At PTO, we discussed that following the lead of other districts facing the same challenges, we might start by organizing district-wide in order to keep ourselves informed, as parents and citizens, and to rally support locally for all four schools, starting with our superintendent and board of education and our mayor and city aldermen.

      Clearly we will need to impress upon our state legislators that we see the unfair distribution of state resources as the root cause of the problem.

      I know that if we get a few of our heads together, we can devise some actions to take.

      A concerned citizens' organization in our neighboring district in Unatego, which also is having to consider a school closure, is holding an open forum with state senator James Seward on Thursday at 6:30pm at the Unatego HS. (See my post on FB. It looks like a few of us might want to carpool...)

  3. You can go to the Unatego meeting with Seward (and Rep Pete Lopez)--it's not limited to that district, just like the problem is not limited to that district. The legislative budget MUST correct the punishing shortfalls in the governor's budget. Go there & Speak!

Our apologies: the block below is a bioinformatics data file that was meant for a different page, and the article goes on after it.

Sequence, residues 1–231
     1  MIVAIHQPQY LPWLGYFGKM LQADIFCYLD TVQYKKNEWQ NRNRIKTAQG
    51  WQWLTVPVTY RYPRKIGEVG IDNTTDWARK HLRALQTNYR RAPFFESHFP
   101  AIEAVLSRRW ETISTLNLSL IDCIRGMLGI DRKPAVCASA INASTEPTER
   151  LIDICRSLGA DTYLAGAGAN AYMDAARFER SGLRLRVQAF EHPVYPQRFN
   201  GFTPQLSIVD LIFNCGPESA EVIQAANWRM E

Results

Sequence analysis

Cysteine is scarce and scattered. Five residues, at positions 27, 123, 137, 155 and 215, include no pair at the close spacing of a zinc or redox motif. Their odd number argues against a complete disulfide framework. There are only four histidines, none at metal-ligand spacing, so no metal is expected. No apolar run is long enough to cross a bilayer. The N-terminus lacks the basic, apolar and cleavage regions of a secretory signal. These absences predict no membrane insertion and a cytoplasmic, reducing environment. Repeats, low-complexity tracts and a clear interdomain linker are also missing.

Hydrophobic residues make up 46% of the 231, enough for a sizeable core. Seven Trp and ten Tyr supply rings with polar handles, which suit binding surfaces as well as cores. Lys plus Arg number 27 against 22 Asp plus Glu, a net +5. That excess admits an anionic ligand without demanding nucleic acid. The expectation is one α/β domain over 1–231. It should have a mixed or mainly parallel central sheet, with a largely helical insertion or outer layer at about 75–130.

1. Thanks for the comment! In fact, it looks like a few of us from Oneonta will be carpooling to Unatego HS on Thursday. What is happening with Unatego is happening everywhere. So, we need to stand up for each other.

  4. We are a Center Street family as well. I hope that my youngest who is to start Kindergarten in the fall, has the same experiences as my first grader.

    I like the idea of rallying the other schools, parents, citizens, etc. together to protect them all. Unfortuantely, some of the opinions of parents of the other schools is very disappointing. They are under the assumption that if a school closes it will be Center Street, therefore won't affect them. Closing of any school will be devasting to the whole community, but people aren't seeing it that way!

    1. Your comment inspired a reply that grew too long :) It became my blog post for tonight. Thanks!

  5. As a teacher in the district, I am annoyed because every time this comes up in my building, Center Street is the only school mentioned. There are bigger factors to consider. If any school closes, it will be devastating to the neighborhood.

    1. Exactly! This is a system: Change any single part of it, and the whole is changed, too.

      So, Oneonta parents, how about we agree to the ground rule that there will be no throwing each other under the bus? (See my post today: Why this is not a foregone conclusion...)